The Teen Titans face the first masked opponent, the Ant, in Teen Titans 5. At the top of the story Robin, Kid Flash, Aqualad and Wonder Girl are hanging out in Titans Lair when they receive a letter from Speedy, referencing the events in the previous issue. Then they get asked to look into the possible return to crime of a boy who had been sentenced to Camp Lacklock, a progressive institution for juvenile offenders. Eddie Whit has more strength and agility than most kids his age, but nothing super human. He had done his time, and been released, and was now taking care of his younger brother. The brother insists that Eddie has not returned to crime, but the Titans find his Ant costume, and wind up chasing him, and fail to stop him. This failure puts Camp Lacklock itself in danger, threatening its reputation, and dispiriting the kids who are currently there. In the end, it turns out that Eddie has been manipulated into becoming the Ant again, by hoods who have tricked Eddie into thinking his younger brother has also turned to crime, and are blackmailing him about it. A good, solid story, with all the fun patter and great art.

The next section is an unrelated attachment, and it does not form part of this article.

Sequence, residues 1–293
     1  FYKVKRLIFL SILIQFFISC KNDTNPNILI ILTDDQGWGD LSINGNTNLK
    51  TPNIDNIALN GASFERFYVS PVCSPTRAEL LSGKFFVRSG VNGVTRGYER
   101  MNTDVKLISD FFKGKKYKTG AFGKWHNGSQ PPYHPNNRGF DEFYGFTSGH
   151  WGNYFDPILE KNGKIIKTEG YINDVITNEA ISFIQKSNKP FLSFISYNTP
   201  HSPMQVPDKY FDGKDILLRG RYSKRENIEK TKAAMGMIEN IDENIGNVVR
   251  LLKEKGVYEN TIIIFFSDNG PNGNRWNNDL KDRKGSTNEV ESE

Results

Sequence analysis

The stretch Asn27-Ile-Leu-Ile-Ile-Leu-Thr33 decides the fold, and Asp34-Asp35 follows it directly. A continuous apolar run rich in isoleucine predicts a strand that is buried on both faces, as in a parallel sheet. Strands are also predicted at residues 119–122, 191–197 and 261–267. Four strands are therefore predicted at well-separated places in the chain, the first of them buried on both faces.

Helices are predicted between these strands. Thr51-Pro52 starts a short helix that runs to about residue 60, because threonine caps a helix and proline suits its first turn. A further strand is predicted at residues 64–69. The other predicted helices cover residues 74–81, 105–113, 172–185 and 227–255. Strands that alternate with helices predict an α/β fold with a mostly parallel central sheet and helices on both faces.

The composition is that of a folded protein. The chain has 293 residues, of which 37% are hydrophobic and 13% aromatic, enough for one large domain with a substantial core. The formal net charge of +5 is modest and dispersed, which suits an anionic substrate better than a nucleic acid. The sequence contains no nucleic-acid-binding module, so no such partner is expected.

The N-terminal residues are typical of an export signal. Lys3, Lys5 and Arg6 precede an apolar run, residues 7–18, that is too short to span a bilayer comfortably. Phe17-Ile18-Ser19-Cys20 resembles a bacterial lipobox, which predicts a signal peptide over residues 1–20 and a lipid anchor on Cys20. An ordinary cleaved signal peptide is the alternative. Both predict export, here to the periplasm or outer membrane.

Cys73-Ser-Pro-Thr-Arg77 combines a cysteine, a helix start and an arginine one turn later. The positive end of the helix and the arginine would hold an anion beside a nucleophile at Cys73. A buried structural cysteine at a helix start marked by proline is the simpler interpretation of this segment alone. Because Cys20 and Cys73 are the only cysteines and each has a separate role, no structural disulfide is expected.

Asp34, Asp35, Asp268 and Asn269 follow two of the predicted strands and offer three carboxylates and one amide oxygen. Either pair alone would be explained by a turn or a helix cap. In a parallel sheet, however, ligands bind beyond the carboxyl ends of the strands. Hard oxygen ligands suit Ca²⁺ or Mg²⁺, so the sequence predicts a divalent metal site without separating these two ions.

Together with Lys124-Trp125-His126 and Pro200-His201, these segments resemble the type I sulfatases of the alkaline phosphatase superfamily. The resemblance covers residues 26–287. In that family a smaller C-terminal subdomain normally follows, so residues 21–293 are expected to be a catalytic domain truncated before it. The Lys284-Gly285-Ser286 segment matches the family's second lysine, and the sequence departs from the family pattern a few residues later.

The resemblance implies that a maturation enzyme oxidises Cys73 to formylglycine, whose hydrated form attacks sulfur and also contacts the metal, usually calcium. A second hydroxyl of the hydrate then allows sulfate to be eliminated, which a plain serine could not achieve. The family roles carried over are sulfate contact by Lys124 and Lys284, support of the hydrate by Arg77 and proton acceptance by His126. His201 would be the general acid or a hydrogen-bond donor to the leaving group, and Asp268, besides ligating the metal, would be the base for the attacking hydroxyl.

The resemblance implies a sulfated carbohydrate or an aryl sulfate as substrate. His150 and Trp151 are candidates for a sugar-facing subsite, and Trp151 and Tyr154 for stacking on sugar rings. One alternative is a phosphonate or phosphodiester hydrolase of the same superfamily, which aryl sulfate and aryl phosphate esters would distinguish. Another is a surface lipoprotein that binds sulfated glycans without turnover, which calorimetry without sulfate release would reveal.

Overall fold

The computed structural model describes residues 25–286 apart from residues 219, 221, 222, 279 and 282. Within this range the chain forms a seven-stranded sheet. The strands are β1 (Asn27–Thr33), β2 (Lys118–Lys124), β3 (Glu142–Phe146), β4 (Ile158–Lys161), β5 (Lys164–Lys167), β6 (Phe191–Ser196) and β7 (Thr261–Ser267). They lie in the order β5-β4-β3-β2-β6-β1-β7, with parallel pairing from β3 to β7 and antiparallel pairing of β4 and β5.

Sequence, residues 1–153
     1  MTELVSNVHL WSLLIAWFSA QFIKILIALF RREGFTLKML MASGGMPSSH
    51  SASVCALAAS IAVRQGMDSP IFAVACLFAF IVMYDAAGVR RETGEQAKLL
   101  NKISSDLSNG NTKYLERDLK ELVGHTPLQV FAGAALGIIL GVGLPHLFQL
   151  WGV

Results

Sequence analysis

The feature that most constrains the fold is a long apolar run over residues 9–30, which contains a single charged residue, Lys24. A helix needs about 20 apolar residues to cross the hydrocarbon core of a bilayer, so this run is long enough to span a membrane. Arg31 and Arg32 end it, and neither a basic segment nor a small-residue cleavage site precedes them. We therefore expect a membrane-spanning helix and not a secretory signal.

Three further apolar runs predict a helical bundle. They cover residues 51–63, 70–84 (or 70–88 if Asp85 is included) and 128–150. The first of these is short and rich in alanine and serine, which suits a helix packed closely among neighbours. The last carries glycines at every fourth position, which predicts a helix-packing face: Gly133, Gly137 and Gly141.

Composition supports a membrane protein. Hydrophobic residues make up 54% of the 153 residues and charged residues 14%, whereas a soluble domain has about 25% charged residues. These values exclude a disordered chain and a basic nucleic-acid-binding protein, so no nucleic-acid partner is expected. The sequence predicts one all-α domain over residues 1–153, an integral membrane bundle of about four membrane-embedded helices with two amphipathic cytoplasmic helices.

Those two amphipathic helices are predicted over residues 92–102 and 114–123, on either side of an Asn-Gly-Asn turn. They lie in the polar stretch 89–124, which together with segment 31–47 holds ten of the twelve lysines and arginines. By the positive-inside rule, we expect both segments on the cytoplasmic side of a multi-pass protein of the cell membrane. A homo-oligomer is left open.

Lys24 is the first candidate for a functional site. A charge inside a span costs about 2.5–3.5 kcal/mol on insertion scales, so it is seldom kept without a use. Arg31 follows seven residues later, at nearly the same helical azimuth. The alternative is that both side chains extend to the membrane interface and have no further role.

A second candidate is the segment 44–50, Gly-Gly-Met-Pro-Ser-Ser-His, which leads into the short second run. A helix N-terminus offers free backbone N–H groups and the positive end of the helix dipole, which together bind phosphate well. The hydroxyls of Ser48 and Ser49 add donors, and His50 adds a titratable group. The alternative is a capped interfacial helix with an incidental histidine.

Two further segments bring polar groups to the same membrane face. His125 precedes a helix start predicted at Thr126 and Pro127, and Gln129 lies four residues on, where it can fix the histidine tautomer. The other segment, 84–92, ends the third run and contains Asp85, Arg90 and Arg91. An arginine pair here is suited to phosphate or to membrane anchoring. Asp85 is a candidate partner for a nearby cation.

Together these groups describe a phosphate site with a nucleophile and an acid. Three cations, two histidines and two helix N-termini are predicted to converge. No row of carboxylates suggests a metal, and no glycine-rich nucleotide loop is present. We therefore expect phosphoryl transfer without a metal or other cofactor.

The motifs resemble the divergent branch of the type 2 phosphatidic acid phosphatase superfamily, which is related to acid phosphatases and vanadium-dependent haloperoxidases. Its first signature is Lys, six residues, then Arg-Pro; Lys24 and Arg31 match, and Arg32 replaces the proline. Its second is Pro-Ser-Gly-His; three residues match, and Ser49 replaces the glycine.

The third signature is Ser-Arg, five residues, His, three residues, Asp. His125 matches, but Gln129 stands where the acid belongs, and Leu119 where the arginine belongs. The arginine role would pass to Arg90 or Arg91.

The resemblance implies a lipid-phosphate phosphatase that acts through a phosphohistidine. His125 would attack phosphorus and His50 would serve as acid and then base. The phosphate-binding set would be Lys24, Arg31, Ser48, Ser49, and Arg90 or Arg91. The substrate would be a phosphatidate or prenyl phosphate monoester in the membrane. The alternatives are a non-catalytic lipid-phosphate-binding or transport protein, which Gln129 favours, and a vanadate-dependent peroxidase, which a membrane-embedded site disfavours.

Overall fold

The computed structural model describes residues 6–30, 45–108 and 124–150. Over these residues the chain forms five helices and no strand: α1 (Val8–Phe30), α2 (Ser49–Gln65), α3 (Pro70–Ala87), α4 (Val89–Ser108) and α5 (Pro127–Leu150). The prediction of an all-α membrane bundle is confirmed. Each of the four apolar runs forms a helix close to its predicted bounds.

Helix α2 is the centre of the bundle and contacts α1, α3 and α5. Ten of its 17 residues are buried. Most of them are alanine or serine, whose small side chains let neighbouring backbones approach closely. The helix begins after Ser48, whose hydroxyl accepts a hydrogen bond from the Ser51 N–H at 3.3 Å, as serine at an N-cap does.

The Doom Patrol's Beast Boy meets the Teen Titans in issue 6. Doom Patrol members Robotman, Negative Man, Elasti-Girl and the Chief get small roles at the top of the story. At this time, Beast Boy was not yet a real member of that team, as his guardian, Galtry, refused his permission. Beast Boy hangs around the Doom Patrol headquarters, but just winds up pissing everyone off. So Beast Boy heads to a television station, and broadcasts a message to the Teen Titans. Robin, Wonder Girl, Kid Flash and Aqualad come to meet him, and are impressed with his animalistic shape changing powers. But once again, it turns out he needs permission to join the team. We find out that Batman, Wonder Woman, Aquaman and Flash all had to sign permission slips for their sidekicks to join the Titans. Feeling completely rejected, Beast Boy runs off and joins the circus. He becomes a star there, but is not aware that the ringmaster and his animal trainer are using him, hypnotizing him into adopting a white monkey form that can hypnotize the audience, allowing them to rob the patrons.